The Chronicles of
11 June 2004
In The Chronicles of Riddick,
Vin Diesel, hell-bent on mythologizing himself, stands in the middle
of it all, trying very hard to look terribly important. He's
reprising his character from the 2000 film Pitch Black, and
he was much better in more quieter, less over-inflated surroundings.
Riddick is notorious, everyone is after him, yet he doesn't appear
to have done anything of particular note -- he's famous without
having to have done anything. Riddick can see in the dark, and if
the contact lenses that give his eyes a metallic sheen are anything
like the ones Alec Baldwin had to wear in The Shadow, Diesel
would not have been able to see a thing on the set.
The movie itself starts out in a
highly unappealing way. Invading spacecraft descend from the skies
upon a peaceful, prosperous planet and start blowing everything and
everyone to bits for reasons that are never entirely explained.
Riddick, it turns out, is the one, the only one, who can route these
interlopers, for reasons that are also never entirely explained. The
merciless invaders, who favor grays and blacks, are Fascists and
ride around in attack craft that look like giant office staplers.
The only thing that keeps the movie
from becoming totally loathsome is that, on a narrative level, it's
blitheringly nuts. Characters, wearing elaborate but ridiculous
costumes, strut around on sets that look like they were copied from
David Lynch's film Dune, delivering long, ropey strings of
dialogue that sound idiotic and which we can understand only half of
the time. This certainly undoes some of the performers -- Colm Feore,
who used to appear in good movies, cheaply smirks his way through
the role of an evil overlord, Thandie Newton plays a sub-Lady
Macbeth who burns eyeliner in around her eyes, an unrecognizable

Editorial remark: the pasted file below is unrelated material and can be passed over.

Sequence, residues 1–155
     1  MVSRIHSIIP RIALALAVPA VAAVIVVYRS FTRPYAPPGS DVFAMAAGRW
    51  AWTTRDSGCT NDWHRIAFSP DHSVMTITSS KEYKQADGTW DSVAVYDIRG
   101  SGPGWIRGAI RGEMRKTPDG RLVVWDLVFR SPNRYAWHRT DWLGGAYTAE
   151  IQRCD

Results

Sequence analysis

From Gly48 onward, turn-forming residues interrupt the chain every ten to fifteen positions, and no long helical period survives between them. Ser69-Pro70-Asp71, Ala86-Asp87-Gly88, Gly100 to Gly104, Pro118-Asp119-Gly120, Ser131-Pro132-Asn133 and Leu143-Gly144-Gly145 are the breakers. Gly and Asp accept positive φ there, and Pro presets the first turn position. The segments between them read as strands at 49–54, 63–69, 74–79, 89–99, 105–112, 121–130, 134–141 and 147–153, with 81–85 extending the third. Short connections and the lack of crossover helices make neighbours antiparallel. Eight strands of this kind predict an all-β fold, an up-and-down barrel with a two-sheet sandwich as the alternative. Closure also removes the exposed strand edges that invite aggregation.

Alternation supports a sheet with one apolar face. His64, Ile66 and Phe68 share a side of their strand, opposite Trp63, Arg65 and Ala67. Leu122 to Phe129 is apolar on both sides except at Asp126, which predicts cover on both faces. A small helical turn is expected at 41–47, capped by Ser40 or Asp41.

Linus Roache plays a character who...
Anyway, elsewhere the movie can't
decide what it's supposed to be at times -- first it's an
apocalyptic drama, then it goes gallivanting off to more dank,
dismal environs on a penitentiary planet, then there's an
(implausible) escape and a gallop back to where things started and a
conclusion that renders Riddick as a sort of "Conan"-like
scoundrel-turned-king (and a few other things that I will not reveal
here, you'll have to see it for yourself). The action sequences go
off like flashbulbs in your face, and are staged so close to the
camera that you can't follow what's going on.
Which leaves us with Judi Dench,
who flits through the movie -- literally (she's semi-transparent,
and floats) -- as an "Elemental" who's sort of a home team rooter
for Riddick. Dame Judi seems a little surprised and intrigued over
being asked to appear in this enterprise, but she doesn't loaf her
way through the role -- she does a perfectly fine job, giving the
picture its one, and only, aspect of prestige. The only thing is,
you have to sit through the rest of the picture in order to see all
of her performance, and that's not easy.
Yorick van Wageningen
Roger R. Cross
PG-13 - Parents
Some material may
be inappropriate for
children under 13.